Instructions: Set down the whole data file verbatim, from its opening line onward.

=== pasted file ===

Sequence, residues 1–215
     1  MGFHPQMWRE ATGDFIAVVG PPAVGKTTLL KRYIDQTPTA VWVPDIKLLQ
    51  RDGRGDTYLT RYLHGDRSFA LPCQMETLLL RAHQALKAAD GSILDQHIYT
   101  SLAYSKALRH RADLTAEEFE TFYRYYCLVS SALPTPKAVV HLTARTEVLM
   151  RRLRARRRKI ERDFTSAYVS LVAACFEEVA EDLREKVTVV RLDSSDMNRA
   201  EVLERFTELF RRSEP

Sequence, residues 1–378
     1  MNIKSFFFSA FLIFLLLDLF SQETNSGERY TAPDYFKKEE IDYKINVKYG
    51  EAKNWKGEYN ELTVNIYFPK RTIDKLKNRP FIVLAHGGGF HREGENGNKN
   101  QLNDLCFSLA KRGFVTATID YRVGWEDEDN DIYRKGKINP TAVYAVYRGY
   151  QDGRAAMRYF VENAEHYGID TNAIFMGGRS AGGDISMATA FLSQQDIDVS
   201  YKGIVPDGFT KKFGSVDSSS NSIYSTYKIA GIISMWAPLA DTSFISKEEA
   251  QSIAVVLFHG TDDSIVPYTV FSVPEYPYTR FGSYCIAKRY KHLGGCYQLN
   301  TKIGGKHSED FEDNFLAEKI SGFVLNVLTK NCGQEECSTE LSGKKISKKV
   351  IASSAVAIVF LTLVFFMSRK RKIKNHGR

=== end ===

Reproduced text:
Sequence, residues 1–215
     1  MGFHPQMWRE ATGDFIAVVG PPAVGKTTLL KRYIDQTPTA VWVPDIKLLQ
    51  RDGRGDTYLT RYLHGDRSFA LPCQMETLLL RAHQALKAAD GSILDQHIYT
   101  SLAYSKALRH RADLTAEEFE TFYRYYCLVS SALPTPKAVV HLTARTEVLM
   151  RRLRARRRKI ERDFTSAYVS LVAACFEEVA EDLREKVTVV RLDSSDMNRA
   201  EVLERFTELF RRSEP

Sequence, residues 1–378
     1  MNIKSFFFSA FLIFLLLDLF SQETNSGERY TAPDYFKKEE IDYKINVKYG
    51  EAKNWKGEYN ELTVNIYFPK RTIDKLKNRP FIVLAHGGGF HREGENGNKN
   101  QLNDLCFSLA KRGFVTATID YRVGWEDEDN DIYRKGKINP TAVYAVYRGY
   151  QDGRAAMRYF VENAEHYGID TNAIFMGGRS AGGDISMATA FLSQQDIDVS
   201  YKGIVPDGFT KKFGSVDSSS NSIYSTYKIA GIISMWAPLA DTSFISKEEA
   251  QSIAVVLFHG TDDSIVPYTV FSVPEYPYTR FGSYCIAKRY KHLGGCYQLN
   301  TKIGGKHSED FEDNFLAEKI SGFVLNVLTK NCGQEECSTE LSGKKISKKV
   351  IASSAVAIVF LTLVFFMSRK RKIKNHGR